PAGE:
Acute differences in blood lipids and inflammatory biomarkers following controlled exposures to cookstove air pollution in the STOVES study

Ethan S. Walker, Kristen M. Fedak, Nicholas Good, John Balmes, Robert D. Brook, Maggie L. Clark, Tom Cole-Hunter, Robert B. Devlin, Christian L’Orange, Gary Luckasen, John Mehaffy, Rhiannon Shelton, Ander Wilson, John Volckens, Jennifer L. Peel

Research output: Contribution to journalArticlepeer-review

Abstract

Household air pollution is a leading risk factor for morbidity and premature mortality. Numerous cookstoves have been developed to reduce household air pollution, but it is unclear whether such cookstoves meaningfully improve health. In a controlled exposure study with a crossover design, we assessed the effect of pollution emitted from multiple cookstoves on acute differences in blood lipids and inflammatory biomarkers. Participants (n = 48) were assigned to treatment sequences of exposure to air pollution emitted from five cookstoves and a filtered-air control. Blood lipids and inflammatory biomarkers were measured before and 0, 3, and 24 hours after treatments. Many of the measured outcomes had inconsistent results. However, compared to control, intercellular adhesion molecule-1 was higher 3 hours after all treatments, and C-reactive protein and serum amyloid-A were higher 24 hours after the highest treatment. Our results suggest that short-term exposure to cookstove air pollution can increase inflammatory biomarkers within 24 hours.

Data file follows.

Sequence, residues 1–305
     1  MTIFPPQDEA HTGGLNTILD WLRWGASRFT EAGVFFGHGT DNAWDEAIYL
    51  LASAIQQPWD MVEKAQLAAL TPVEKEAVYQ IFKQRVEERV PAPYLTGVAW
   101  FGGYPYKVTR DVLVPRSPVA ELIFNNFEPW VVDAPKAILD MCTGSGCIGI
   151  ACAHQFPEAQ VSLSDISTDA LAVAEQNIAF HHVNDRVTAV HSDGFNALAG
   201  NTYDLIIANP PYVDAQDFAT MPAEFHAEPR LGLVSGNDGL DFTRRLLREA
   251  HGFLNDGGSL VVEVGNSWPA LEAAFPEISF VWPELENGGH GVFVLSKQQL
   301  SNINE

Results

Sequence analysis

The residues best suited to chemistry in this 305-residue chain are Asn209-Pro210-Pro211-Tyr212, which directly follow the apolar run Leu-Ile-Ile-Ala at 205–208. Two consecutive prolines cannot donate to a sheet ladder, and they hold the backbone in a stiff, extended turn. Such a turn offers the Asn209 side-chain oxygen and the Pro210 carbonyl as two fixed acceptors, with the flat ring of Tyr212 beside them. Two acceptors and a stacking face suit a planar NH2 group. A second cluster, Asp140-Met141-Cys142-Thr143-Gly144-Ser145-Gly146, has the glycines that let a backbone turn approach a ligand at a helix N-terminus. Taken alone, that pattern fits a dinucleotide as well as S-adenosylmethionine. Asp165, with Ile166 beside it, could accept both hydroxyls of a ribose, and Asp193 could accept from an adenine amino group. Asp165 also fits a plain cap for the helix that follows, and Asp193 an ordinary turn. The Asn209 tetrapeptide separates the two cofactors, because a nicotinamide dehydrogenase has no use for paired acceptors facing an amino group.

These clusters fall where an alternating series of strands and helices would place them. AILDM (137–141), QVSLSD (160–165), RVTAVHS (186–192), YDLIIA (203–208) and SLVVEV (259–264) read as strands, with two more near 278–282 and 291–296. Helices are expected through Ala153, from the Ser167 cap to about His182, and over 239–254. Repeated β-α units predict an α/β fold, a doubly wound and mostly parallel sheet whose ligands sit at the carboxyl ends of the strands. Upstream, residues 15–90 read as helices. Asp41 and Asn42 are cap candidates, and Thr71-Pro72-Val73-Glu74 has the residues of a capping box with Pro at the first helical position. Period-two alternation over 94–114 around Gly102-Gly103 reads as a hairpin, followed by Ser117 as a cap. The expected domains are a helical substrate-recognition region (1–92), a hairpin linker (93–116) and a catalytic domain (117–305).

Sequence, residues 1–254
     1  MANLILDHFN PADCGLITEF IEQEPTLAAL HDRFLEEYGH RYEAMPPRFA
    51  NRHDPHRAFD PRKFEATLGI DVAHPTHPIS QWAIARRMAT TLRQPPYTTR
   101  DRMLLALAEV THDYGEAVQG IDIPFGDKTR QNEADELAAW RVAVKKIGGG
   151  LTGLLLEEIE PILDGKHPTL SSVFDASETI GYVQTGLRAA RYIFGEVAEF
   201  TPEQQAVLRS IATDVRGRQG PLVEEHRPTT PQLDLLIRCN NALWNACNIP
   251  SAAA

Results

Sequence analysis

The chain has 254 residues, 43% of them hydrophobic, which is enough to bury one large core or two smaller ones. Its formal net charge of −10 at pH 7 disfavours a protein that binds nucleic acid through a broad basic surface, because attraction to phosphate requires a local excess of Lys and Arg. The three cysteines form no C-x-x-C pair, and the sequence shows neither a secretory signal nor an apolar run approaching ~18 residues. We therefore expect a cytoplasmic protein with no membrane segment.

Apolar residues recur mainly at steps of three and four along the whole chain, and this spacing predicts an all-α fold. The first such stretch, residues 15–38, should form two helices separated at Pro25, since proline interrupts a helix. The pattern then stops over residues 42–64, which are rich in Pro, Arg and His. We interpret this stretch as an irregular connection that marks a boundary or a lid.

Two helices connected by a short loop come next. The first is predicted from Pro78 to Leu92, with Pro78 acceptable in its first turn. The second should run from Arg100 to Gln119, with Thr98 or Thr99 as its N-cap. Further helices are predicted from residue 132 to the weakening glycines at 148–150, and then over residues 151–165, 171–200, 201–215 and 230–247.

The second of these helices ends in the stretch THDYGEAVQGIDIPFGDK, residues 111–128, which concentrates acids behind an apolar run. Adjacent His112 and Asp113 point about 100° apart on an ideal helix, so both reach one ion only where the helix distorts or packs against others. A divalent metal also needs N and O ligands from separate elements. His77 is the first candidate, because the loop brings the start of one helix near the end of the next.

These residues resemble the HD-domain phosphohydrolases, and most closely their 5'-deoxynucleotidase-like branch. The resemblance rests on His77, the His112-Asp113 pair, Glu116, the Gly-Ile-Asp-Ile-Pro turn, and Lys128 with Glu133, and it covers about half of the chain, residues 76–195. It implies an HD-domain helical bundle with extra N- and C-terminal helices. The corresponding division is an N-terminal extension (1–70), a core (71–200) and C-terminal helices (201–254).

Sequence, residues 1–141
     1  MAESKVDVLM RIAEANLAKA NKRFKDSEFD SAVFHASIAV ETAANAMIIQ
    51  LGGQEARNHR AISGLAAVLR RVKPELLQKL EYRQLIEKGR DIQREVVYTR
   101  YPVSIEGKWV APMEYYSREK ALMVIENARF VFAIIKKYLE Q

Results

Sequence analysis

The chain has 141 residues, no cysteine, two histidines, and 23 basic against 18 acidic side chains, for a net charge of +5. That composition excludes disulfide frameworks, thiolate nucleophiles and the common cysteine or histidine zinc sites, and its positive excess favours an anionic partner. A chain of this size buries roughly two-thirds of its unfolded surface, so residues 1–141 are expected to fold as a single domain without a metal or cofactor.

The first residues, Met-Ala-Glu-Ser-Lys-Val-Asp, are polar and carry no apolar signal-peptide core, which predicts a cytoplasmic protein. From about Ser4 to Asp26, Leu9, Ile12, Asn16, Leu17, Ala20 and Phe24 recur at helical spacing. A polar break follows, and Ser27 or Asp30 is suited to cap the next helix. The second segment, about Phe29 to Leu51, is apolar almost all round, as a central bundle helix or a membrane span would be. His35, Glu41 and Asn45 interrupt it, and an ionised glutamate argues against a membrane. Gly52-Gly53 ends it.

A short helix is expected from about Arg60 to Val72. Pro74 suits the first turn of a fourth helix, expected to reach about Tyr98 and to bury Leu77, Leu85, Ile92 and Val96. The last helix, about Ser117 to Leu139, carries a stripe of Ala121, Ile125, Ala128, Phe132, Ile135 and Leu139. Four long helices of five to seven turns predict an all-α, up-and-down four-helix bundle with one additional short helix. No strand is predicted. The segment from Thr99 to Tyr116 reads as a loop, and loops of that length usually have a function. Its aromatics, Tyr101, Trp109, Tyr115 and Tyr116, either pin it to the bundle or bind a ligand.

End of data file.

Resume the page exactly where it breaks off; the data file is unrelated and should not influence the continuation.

Original languageEnglish
Pages (from-to)1-14
Number of pages14
JournalInternational Journal of Environmental Health Research
DOIs
StatePublished - 2020

Keywords

  • Air pollution
  • biomass burning
  • inflammation
  • lipoproteins

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